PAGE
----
Monthly Archives

August 2013

recipes, smoothies and juice, Uncategorized

Gojiccino, the Magic Latte

Hi friends!

First – once upon a time I had a Twitter account, but couldn’t really see the point in it, and thus it got all dusty and unused for a couple years.  But I just discovered its purpose!  To be constantly entertained by hilarious celebrities (including the ones who aren’t trying to be hilarious).  Right?  Right?

In any case, I’m charmed by it and if any of you bloggers use Twitter, I’d love to follow you as they say – feel free to leave your handle in the comments.

So as you may or may not know, I have a tumultuous relationship with caffeine.  I love it – it hates me.  The taste (and oh, the smell!) of a freshly French-pressed black coffee is one of life’s best treasures, but every now and then it turns me into Jittery Monster Allysia, not to be messed around with.  Green tea, another love, does the same.  So does decaf.

It’s been months since I’ve been caffeinated, and it took my body a month of re-calibration (read: a month of being tired every morning) to finally feel normal without it.  And as tragic as life is without precious coffee, I’ve moved on.  As it stands, my favorite caffeine-free sippers are as follows:

1. Rooibos (every now and then I’ll get a rooibos latte at a coffee shop).  I prefer red to green, and I like it plain, though it’s great jazzed up with other herbs and fruits too.

2. Teeccino.  Their French-style blend is my favorite coffee-like drink, made from roasted barley and chicory and other good things – it tastes better than it sounds.  Not a coffee replica to be sure, but it’s dark, bitter and astringent so it calls coffee to mind.  Plus it’s great with a splash of milk.

3. Kukicha. I was introduced to this in the Macrobiotics portion of my schooling, and it’s easily my favorite daily drink.  It’s made from the twigs of tea plants, and it’s caffeine-free since all of the caffeine in tea is from the leaves.  The taste reminds me of a cross between oolong and black tea.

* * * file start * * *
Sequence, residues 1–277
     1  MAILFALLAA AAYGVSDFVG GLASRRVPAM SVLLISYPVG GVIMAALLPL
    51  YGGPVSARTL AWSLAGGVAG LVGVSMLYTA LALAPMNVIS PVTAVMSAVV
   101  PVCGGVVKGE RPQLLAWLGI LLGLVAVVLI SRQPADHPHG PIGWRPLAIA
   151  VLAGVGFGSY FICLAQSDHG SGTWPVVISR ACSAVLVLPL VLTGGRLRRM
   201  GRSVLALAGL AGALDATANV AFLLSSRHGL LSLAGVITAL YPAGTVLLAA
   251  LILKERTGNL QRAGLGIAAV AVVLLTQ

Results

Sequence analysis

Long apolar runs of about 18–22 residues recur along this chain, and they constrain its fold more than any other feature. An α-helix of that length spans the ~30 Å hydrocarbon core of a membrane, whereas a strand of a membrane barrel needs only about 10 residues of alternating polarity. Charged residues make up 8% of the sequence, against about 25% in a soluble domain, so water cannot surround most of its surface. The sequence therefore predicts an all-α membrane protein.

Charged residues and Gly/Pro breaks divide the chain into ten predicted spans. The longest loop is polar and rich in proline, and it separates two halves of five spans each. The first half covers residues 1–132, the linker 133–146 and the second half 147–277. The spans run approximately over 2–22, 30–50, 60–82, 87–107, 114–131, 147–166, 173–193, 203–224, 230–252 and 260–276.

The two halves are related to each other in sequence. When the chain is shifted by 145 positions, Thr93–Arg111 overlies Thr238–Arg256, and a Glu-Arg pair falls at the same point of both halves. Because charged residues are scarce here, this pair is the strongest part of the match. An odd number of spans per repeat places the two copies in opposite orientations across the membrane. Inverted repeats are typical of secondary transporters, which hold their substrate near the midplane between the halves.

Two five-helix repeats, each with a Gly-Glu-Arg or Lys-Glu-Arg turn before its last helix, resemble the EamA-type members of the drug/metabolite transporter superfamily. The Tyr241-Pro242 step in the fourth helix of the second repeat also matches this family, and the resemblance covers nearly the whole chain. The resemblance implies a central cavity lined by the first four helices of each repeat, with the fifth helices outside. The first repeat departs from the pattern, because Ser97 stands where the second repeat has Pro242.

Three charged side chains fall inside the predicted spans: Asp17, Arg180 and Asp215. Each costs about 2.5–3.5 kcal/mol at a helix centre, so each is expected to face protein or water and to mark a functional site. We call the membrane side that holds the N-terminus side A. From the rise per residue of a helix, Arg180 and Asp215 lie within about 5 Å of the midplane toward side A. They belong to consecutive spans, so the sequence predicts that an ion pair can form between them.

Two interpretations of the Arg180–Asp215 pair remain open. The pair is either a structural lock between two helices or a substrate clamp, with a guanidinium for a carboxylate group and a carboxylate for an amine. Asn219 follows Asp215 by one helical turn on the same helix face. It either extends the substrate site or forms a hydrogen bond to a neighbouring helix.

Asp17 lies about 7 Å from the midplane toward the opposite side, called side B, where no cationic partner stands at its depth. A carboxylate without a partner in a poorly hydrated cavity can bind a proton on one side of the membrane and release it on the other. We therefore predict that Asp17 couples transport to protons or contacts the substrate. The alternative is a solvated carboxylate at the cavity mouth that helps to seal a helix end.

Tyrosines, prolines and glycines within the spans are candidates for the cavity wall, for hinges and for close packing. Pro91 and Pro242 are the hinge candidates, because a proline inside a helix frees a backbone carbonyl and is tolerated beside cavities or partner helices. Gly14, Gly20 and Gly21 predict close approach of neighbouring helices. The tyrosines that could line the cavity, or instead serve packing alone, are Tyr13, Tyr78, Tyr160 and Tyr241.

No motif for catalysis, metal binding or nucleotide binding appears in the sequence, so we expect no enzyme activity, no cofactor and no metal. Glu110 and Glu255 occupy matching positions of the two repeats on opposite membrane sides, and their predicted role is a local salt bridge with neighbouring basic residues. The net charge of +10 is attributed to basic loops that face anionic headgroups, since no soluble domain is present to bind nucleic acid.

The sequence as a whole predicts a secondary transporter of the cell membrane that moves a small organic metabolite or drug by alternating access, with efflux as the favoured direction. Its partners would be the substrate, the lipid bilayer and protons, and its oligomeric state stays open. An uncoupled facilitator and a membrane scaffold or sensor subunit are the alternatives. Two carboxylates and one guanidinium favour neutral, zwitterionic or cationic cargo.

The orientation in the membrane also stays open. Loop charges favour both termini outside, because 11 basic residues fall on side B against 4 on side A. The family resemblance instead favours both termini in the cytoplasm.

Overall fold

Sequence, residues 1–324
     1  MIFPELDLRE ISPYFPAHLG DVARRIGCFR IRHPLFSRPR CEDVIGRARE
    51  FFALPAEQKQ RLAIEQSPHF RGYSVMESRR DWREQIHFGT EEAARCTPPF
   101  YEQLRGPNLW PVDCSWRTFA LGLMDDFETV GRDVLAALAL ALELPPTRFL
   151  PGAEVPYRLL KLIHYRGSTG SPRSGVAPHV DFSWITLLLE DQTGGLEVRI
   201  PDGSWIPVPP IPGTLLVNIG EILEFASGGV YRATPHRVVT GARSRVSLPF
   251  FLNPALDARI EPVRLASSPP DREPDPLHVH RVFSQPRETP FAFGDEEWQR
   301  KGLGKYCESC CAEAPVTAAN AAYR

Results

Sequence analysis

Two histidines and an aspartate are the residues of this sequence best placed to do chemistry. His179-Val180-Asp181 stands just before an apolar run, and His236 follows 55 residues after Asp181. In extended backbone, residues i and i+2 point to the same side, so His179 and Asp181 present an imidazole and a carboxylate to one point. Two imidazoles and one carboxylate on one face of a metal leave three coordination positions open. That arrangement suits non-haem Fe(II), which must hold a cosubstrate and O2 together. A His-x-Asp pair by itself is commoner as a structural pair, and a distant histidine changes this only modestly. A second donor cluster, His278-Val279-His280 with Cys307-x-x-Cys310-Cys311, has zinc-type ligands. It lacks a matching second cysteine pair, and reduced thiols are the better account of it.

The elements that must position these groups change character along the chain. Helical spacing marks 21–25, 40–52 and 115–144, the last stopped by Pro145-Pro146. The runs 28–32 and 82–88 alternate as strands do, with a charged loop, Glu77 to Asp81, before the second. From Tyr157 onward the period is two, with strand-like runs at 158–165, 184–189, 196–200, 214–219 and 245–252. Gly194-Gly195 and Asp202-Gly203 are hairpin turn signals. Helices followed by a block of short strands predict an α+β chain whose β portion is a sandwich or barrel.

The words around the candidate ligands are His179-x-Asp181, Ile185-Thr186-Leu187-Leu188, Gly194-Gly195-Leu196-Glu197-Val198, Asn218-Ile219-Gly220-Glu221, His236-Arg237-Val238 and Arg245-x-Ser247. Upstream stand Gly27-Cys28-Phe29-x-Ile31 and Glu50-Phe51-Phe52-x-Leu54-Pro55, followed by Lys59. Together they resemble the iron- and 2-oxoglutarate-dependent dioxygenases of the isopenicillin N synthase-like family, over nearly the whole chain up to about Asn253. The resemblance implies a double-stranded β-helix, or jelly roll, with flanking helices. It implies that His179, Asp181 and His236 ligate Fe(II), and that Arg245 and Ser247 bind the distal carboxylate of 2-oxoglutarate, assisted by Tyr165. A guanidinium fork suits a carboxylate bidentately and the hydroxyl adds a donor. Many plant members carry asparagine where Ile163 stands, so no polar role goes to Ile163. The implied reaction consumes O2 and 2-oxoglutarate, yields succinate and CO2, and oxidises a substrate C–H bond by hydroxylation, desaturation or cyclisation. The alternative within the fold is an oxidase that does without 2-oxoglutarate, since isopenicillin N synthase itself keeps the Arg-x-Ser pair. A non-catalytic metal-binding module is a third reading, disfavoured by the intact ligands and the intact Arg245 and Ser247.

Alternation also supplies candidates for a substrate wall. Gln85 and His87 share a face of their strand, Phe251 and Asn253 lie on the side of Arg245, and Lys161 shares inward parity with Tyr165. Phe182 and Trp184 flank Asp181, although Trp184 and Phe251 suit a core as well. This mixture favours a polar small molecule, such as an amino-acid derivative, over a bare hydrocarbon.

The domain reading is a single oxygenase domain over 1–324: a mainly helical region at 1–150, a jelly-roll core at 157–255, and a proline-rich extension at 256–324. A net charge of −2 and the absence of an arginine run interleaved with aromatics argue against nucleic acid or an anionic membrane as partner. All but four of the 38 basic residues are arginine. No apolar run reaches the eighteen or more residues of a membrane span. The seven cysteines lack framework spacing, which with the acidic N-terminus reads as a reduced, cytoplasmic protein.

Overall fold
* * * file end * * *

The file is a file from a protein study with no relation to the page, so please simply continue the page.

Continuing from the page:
3. Gojiccino.  A magical treat!  So magical!  So complex!  Exclamation marks!  So magical, in fact, that we have to talk about it more in-depth.

There’s this company in Ontario that makes a product called Gojiccino, which I accidentally discovered at a restaurant called Fresh.  You use it as you would an espresso shot in a latte-type drink – a shot or two in some steamed milk.  It kind of blew my mind.  Naturally sweet but not sugary, it’s toasty and bitter, with strong caramel tones, and a magical somethin-somethin that I just can’t place, that piece of complexity that makes the drink intriguing and addictive.

And then I had to go home and make it myself.  The concept is simple enough – toast some goji berries, blend them into a thick liquid with a little hot water, strain, and voila.  It’s not quite as awesome as their product, but that’s because they use magic.  So for those of you who don’t have this drink available near you, rest assured you can do up a delicious home version before it becomes available across North America (here’s hoping!).

No recipe this time, just a general method.  Toast some goji berries on a dry skillet for 15 minutes or so, until they’re soft and dark (even burnt in places).